Adoptimist Adoption Blog
January 6, 2017

Savoring Holiday Cards And Adoption Journeys


Every January I celebrate the arrival of the New Year by opening my holiday cards. Most cascade in between Thanksgiving and Christmas and go directly into a big envelope where I store them until January 2. Then they are opened in one big blaze of celebration. Although the cards resemble each other in most ways — cute kids and cheerful greetings — the “back stories” vary widely. In opening them together, I get to celebrate all the ways in which people find their way to parenthood. Some seem to walk over hot coals, and others have smooth sailing. What delights me each January is that they all get there. Everyone who keeps going gets to baby…to a happy ending and new beginnings.

Now before I go further, I want to acknowledge that receiving a stream of photos of cute, smiling children is not always a happy experience. Working with people struggling with infertility, I know all too well the pain the holiday cards can bring.

This year’s collection included the card of a family that adopted all three of their children, a son and two daughters. I remember the dad’s hilarious account of going to meet his son’s birthparents the night before a scheduled caesarean. Dad-to-be sent out an all-points bulletin to his friends and family, alerting them that if he and his wife disappeared, they must have been bludgeoned by the birthparents. Fast forward ten years or so and this is the same man who flies across the country with his family a few times a year because he loves visiting his son’s birth family

There is also the card of the couple who started out to do a domestic, same race infant adoption and then called one day and said, “We’ve figured it out — we’re going to Ethiopia to adopt orphaned brothers, ages 6 and 8”. The boys are now teenagers, the family has moved away, but the photo on the card sure suggests this family is thriving. 

I’ve got a card from a single mom who ventured into my office at age 50 declaring, “I know I’m too old to adopt”. Math tells me that she must now be 60, but the photo of her hiking with her 9-year-old daughter has her looking younger than when we met. Further along in my pile of treats is the photo of another single mom and son, the one whose birthmother called her about a second unplanned pregnancy. This mom decided to stay a one child family, but her efforts to connect her birthmother with another single mom made a family. I’m sure that new mom’s card is in this pile as well.

Sprinkled in the array of cards are always a few “I’m giving up” stories. These are the folks who grew dismayed while they were waiting to adopt and went through waves of thinking that they would be best off giving up on adoption and moving on in their lives in some other way. I remember, in particular, a couple who nearly gave up just short of their second adoption. They had adopted quickly when both were 41 and embarked on a second adoption two years later. When another child did not swiftly come their way, mom began declaring, “I’m too old. We should just quit while we are ahead”. She set a deadline of her 45th birthday and as it drew close, she became increasingly emphatic about keeping to the deadline. I implored her to ease up a bit, reminding her that they were already older parents so what difference did it really make if she was 6 months or a year older than she’d hoped when their second child arrived. About 2 months past the Big 45, the couple got a call that a born baby was waiting for them in Florida. He is now the adorable 4-year-old on their 2016 card.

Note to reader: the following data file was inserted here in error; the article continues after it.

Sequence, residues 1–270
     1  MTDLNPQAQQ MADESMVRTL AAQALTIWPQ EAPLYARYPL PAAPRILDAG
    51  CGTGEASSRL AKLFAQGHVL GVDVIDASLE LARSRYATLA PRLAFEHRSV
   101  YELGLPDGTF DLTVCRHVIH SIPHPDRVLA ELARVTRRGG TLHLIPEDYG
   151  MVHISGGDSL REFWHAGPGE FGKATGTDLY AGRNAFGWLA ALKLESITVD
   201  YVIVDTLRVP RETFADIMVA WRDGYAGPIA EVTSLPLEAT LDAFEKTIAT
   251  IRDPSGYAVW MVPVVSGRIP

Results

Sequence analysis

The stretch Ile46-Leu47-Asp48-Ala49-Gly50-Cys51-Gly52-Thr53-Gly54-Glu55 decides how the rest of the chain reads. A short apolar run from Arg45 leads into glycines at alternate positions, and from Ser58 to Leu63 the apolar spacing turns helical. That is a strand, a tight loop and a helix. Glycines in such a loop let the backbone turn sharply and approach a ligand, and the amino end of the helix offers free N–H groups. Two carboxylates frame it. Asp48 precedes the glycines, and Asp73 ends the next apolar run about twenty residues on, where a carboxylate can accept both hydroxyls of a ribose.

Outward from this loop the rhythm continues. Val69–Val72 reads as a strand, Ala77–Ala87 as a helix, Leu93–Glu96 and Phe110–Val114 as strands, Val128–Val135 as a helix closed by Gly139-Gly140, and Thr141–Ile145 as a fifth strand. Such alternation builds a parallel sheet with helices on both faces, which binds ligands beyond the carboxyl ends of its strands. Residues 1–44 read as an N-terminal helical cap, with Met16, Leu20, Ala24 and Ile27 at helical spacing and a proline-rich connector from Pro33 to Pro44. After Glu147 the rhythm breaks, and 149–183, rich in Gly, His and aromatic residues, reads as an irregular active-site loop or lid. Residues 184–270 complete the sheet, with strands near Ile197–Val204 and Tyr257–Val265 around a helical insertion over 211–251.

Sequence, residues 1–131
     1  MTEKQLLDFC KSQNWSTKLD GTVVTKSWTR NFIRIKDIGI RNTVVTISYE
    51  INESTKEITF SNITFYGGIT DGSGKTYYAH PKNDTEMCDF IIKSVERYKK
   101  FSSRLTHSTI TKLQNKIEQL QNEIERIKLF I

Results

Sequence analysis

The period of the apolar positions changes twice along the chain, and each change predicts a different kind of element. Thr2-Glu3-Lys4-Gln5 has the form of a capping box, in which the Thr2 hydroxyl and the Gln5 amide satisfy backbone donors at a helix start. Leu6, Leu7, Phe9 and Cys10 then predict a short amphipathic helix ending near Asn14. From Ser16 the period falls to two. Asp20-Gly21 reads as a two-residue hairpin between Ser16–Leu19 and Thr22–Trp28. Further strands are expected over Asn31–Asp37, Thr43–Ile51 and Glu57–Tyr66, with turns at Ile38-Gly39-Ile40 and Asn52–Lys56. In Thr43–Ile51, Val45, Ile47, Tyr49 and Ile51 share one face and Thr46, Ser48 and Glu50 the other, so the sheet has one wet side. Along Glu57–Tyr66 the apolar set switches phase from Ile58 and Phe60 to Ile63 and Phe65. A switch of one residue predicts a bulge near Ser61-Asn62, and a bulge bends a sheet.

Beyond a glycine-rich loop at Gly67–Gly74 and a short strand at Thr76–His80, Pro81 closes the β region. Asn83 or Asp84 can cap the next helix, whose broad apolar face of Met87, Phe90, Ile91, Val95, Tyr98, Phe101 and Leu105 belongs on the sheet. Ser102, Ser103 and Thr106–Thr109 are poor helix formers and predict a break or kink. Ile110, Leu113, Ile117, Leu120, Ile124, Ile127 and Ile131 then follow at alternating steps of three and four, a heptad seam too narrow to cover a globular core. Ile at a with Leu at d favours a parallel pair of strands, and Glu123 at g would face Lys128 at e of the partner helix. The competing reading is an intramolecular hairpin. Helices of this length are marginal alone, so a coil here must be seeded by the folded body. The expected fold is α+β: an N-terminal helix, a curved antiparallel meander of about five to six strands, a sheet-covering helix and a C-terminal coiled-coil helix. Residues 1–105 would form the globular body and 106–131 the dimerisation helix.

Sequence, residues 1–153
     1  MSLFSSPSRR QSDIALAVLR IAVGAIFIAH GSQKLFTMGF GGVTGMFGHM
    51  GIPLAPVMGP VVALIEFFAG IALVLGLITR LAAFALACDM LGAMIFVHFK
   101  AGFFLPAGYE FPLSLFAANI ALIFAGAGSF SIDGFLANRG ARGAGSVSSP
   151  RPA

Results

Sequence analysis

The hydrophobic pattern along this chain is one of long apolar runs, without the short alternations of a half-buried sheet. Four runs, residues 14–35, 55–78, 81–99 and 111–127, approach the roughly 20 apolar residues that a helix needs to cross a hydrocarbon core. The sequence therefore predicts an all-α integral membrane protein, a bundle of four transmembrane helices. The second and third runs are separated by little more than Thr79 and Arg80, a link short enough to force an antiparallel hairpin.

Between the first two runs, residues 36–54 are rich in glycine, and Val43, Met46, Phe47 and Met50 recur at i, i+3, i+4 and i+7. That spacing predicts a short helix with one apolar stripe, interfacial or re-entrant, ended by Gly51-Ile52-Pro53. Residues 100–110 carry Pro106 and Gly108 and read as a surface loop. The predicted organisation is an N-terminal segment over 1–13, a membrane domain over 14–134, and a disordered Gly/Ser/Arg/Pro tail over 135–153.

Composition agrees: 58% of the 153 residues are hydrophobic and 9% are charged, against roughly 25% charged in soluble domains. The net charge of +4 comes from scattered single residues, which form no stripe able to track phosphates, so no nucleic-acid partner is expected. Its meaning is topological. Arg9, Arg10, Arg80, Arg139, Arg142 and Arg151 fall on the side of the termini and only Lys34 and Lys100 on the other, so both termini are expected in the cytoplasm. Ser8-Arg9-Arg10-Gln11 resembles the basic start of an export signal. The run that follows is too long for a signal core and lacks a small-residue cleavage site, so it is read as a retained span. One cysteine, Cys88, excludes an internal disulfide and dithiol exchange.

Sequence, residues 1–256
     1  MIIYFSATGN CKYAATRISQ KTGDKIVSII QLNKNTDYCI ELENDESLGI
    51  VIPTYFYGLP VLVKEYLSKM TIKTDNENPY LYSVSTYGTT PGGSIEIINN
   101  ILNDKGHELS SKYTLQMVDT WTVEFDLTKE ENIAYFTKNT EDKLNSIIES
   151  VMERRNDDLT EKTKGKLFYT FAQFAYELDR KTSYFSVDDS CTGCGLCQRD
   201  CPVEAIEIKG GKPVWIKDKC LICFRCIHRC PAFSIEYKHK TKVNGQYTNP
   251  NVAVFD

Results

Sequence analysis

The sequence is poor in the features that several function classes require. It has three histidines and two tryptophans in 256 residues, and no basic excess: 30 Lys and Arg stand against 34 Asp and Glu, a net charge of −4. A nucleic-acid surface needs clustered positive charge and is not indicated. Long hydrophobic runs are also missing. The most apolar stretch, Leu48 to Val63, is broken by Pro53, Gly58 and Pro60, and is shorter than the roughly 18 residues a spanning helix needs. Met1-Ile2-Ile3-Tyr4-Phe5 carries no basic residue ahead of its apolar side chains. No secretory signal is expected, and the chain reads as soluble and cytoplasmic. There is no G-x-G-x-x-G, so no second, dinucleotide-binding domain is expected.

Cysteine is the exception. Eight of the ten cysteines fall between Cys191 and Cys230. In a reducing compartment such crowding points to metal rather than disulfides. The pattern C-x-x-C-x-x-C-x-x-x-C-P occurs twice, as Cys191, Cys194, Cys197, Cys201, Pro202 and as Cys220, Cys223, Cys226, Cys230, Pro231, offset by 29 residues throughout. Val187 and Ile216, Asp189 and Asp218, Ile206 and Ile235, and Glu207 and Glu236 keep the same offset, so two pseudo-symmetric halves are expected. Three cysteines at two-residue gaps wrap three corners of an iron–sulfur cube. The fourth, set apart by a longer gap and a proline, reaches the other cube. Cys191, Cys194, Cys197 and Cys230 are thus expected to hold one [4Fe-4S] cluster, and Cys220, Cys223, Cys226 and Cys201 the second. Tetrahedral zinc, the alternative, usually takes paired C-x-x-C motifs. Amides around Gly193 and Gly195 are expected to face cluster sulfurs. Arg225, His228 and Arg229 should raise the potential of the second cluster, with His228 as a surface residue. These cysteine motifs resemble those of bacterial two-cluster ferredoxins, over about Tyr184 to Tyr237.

As I write this, I know that for some readers, holiday mail is painful to open. Those of you who have struggled with infertility and are not yet parents may well be opening cards from friends who you had not even met when you began trying. Now they send a smiling, glossy photo of a toddler and a school age child. Where did the time go? While they were doing diapers and making birthday party goody bags, you were enduring difficult hours in an IVF waiting room.

I am writing now to assure you that next holiday season — or surely, the one that follows, will be different for you. Adoption works quickly for some and more slowly for others, but you WILL get there. The time will come when you will joyfully and proudly send your card. It will have a smiling and adorable young face on it and a back story you will remember with the satisfaction and gratitude that comes from staying the course in your adoption journey. I wish you a healthy, happy, and very busy 2017.


About The Author


Ellen S. Glazer

Ellen Glazer is a social worker by training and a mother through both adoption and birth. She provides counseling or consulting with individuals and couples considering adoption, egg donation, sperm donation, or gestational care. She is the author of The Long Awaited Stork: A Guide to Parenting After Infertility and author or co-author of five other books on infertility. Twitter: @ellenglazer

Visit Ellen's site at www.ellensglazer.net
You can email Ellen at .(JavaScript must be enabled to view this email address).

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